The Internet Roasted Fugitive’s Mugshot, Police Say Anyone Joking About Man’s Receding Hairline Could Be Charged
If your mugshot is shared on social media by police, get ready to be roasted. November marks a year since the mugshot of Charles Dion McDowell AKA “Neck Guy” went viral. Another criminal’s mugshot has gone viral, but police are warning everyone that they could be charged for making fun of the man online.
We take you to the United Kingdom, where they don’t have a First Amendment that guarantees freedom of speech. Gwent Police in South Wales, U.K., posted the mugshot of Jermaine Taylor on their Facebook and Twitter accounts.
In 2017, Taylor was sentenced to three years in prison for a conviction of selling cocaine. Taylor was released in December, but violated his parole.
The point of the posts was to ask the public to provide any information that would lead to the arrest of the 21-year-old fugitive. Instead of providing tips on where to find Taylor, the online community shared brutally hilarious comments on the man’s receding hairline.
The now-deleted Facebook post quickly went viral with over 10,000 Likes, more than 14,000 Shares and over 80,000 comments, mostly jokes about the man’s hairdo.
“Looks like his hairline is on the run too.”
“This mans barber is the one that should be arrested.”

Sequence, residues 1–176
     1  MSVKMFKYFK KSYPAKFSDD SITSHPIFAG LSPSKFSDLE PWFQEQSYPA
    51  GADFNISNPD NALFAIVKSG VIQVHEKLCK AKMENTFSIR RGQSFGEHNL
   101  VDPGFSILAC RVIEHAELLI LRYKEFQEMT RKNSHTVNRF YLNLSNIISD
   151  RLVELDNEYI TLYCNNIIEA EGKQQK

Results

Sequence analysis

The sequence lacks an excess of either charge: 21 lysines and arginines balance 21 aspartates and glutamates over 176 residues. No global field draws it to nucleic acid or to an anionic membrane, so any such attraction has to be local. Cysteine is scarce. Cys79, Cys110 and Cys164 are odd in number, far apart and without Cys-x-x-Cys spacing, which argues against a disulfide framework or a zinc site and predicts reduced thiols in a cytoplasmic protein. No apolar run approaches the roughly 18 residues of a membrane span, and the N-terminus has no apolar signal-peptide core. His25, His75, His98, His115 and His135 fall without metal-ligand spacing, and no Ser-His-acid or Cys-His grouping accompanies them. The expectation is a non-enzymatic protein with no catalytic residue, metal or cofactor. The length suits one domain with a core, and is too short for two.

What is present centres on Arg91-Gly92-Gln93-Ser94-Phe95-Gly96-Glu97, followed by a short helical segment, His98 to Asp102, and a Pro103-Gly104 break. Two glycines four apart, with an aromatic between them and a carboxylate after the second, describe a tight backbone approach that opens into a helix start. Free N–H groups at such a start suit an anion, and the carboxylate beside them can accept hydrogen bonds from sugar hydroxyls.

“That hairline been pushed back more times than Brexit.”
The Gwent Police were not thrilled with the comments and jokes so they issued a warning to people that they could be charged criminally for the jokes that were made online. Yes, really.
“Gwent Police would like to thank everyone who has liked, commented and shared our post over the last few days – and welcome to our new international followers,” the Gwent Police said. “We’re really grateful to everyone who is assisting us in locating Jermaine Taylor, and we must admit a few of these comments have made us laugh.”
“Please remember that harassing, threatening and abusing people on social media can be against the law,” they said. “Our advice is to be as careful on social media as you would in any other form of communication.” Nobody asked you for your advice. Literally nobody.
“When the line is crossed from being funny to abusive, we do have to make sure we are responsible and remind people to be careful about what they write on social media,” the no fun police said. ”If you say something about someone which is grossly offensive or is of an indecent, obscene or menacing character, then you could be investigated by the police.”
I’m calling your bluff England.